a1 All of the Department of Applied Physiology, London School of Hygiene and Tropical Medicine
a2 Chief Scientific Adviser's Division of the Ministry of Works
The post-war need for large numbers of dwellings has promoted renewed inquiry into the basic criteria by which good practice in the design and construction of buildings may be judged. More emphasis than ever before is now being put upon the functional characteristics of buildings regarded as living-spaces rather than as structures.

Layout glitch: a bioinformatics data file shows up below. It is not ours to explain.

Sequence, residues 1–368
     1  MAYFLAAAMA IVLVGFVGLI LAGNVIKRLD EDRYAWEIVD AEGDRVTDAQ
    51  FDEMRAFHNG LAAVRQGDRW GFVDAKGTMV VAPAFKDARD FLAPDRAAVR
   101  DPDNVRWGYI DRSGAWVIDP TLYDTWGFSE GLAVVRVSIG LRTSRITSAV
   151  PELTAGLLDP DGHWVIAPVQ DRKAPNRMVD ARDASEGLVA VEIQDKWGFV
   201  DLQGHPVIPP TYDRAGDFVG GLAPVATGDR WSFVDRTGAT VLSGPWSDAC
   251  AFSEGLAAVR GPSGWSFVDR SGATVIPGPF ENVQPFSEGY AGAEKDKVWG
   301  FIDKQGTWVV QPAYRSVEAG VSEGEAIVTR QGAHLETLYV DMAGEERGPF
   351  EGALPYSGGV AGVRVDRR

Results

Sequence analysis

* The investigations recorded in this paper have been carried out by the Department of Applied Physiology of the London School of Hygiene and Tropical Medicine under the direction of Prof. G. P. Crowden as part of an extra-mural research contract with the Chief Scientific Adviser's Division of the Ministry of Works for the study of housing requirements for comfort and health.